Welcome to the end of the first week of November! Are you already ready to cry “NoMo?”
This is when it gets hard, guys. You’ve pushed through the first week of writing every day. Those little chores you usually do in the time you’ve spent writing are starting to back up. Your family wonders when they’ll see you. The dog wants to go for a walk. You’re tired of writing already and there’s weeks and weeks to go.
Hang in there.
This next week is the one where you get the skills you’ll need to keep writing all year. You’ll figure out how to fit nibbles of writing time around the stuff you actually need to do and not put off. You’ll work on your priorities. You’ll remember what it feels like to write even when writing is work, even when you feel like the ideas aren’t coming easily or inspiration is lurking just out of reach. This week sucks. But it’s one of the most worthwhile weeks you can have in your writing practice. Write when you don’t feel like it. Write when you don’t feel driven or inspired.
Be gentle with your writing. Not everything that comes out of your pen this month will be the Best Thing You Ever Wrote. Write short stuff. Write a list of things that you hate about writing. I had a professor once (Phil Sylvester in Portland, Oregon, for anyone who has the chance to take a class with him- he teaches at his studio now) who said that the most dangerous time for your art is when you start to get good. Because we all have a certain amount of genuinely terrible art in us. When you start to get good, when you’re afraid of letting the next terrible thing out, that’s when you stagnate. You must make bad things in order to get to the next better thing. So as long as you have to write every day this month, take the opportunity. Write the bad things.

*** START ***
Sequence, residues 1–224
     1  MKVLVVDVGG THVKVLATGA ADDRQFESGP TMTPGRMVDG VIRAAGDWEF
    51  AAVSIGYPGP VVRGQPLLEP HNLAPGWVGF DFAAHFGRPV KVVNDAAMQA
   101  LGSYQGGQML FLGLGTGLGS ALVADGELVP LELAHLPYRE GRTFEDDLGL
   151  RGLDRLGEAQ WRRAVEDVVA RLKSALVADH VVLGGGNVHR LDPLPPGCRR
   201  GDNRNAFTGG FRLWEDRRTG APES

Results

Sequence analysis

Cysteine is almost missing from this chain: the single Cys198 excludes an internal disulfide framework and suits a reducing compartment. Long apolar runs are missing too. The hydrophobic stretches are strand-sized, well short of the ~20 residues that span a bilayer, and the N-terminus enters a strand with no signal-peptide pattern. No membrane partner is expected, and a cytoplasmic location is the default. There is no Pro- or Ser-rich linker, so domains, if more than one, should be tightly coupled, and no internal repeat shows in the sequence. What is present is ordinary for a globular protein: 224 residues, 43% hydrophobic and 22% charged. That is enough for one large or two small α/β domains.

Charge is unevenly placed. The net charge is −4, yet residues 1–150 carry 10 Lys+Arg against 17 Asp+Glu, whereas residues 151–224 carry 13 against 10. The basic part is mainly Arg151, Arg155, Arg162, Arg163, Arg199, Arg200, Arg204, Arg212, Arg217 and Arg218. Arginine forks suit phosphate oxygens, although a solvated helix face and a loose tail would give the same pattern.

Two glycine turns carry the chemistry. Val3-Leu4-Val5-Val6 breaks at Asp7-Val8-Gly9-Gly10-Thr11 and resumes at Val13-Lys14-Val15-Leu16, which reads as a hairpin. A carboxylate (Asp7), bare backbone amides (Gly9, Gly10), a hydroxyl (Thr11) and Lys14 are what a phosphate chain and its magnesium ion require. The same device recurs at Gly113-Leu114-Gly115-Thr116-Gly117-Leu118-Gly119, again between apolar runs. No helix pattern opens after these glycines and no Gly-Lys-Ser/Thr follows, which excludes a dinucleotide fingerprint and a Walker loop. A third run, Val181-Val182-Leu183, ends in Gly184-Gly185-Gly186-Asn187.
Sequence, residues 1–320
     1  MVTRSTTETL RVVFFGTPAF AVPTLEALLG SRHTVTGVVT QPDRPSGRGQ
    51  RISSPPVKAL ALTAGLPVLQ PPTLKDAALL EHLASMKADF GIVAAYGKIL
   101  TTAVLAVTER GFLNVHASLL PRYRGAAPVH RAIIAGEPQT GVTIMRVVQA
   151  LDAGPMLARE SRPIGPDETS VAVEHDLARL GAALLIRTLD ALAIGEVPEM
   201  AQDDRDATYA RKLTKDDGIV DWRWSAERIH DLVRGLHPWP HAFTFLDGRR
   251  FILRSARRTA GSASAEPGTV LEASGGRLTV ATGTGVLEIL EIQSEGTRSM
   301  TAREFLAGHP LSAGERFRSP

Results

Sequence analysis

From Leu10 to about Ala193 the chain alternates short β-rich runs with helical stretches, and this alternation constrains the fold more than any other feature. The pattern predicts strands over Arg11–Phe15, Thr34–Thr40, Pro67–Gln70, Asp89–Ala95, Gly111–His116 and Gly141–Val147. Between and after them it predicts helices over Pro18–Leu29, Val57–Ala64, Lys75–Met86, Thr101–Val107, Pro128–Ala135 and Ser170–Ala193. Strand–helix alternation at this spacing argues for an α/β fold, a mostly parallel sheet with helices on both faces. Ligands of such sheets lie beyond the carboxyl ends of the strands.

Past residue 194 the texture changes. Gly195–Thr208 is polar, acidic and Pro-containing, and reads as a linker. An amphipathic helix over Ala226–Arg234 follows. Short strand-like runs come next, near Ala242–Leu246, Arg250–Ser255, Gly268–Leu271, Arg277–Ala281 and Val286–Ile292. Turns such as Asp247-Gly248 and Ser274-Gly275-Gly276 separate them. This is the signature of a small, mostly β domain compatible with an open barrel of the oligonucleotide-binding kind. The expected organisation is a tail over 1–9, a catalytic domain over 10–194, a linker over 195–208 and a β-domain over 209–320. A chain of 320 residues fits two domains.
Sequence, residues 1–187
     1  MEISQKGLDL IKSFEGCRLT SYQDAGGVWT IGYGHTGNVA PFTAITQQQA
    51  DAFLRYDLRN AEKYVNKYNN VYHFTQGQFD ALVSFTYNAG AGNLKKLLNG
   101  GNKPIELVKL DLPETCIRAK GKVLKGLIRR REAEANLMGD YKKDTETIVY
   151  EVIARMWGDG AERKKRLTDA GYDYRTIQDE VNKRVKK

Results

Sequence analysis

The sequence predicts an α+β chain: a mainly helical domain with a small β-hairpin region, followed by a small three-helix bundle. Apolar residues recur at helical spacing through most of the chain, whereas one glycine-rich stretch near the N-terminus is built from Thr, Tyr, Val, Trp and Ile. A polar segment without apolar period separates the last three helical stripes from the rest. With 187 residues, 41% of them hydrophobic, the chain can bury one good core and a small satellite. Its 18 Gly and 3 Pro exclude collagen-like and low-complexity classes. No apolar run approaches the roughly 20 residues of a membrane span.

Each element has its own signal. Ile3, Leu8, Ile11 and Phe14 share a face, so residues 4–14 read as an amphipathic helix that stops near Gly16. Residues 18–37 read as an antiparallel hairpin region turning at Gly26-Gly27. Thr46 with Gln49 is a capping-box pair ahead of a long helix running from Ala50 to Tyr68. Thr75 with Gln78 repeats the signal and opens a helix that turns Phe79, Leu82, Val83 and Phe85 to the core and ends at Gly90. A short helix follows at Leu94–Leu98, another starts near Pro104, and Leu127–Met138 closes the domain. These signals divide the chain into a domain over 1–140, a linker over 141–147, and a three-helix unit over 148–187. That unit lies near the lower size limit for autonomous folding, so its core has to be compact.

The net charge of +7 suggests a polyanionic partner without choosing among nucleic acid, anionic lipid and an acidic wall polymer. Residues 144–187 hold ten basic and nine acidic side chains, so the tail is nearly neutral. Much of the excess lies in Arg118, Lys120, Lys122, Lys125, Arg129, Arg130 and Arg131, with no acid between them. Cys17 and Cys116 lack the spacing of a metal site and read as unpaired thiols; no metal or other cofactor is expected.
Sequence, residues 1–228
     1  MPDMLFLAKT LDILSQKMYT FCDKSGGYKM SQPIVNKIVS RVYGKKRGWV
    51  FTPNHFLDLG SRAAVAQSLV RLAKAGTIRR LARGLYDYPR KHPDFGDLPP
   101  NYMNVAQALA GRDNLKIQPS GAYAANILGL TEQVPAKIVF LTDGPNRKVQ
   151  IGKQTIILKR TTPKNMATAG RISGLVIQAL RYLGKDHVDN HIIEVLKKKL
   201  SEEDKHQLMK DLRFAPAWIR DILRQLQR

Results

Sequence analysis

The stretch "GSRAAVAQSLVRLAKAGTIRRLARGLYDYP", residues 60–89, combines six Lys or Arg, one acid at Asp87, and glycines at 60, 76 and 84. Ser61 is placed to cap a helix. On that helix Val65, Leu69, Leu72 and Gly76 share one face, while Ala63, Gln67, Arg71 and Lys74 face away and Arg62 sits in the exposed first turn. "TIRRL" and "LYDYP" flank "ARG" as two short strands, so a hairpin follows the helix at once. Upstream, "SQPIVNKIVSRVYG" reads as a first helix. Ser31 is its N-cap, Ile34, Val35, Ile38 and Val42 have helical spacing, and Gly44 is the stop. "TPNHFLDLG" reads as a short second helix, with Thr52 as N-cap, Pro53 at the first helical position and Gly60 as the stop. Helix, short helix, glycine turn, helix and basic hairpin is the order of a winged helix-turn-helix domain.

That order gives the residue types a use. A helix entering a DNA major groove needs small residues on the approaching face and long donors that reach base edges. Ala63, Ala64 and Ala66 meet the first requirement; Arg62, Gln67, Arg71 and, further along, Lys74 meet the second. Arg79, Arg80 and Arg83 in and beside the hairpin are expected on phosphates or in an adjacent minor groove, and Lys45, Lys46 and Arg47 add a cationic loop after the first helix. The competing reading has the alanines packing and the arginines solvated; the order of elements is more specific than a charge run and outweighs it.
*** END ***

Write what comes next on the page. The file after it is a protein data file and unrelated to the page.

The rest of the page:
On the other hand, you brought us a lot of good things this week! And then you voted, and now you want to know the results, right? Me too. So, just like every Friday, I’m going to give you the results on all three of our grids – nonfiction, fiction|poetry, and microfiction – right here!
But it’s not all about the popular vote, folks. We also have our editorial staff picks to hand out. Every week our editors comb through your submissions looking for their favorites. Picks are based on writing quality, how successful the author is in conveying information, and just plain style. If you got a staff pick this week, grab your badge from the sidebar and wear it with pride!
Once you’re done reading through the staff picks (and congratulating the winners in the comments), keep scrolling down to check out who won the popular vote on all three grids. If you earned the highest number of votes in any challenge, you are this week’s crowd favorite! If you came in first, second or third, you get “top three” honors. Grab your badge from our sidebar!
Looking for your badge? The fiction|poetry, nonfiction and microstories challenges all have the same winner, staff pick, and top three badges. It doesn’t clutter up our sidebar, and they’ll still look pretty on yours!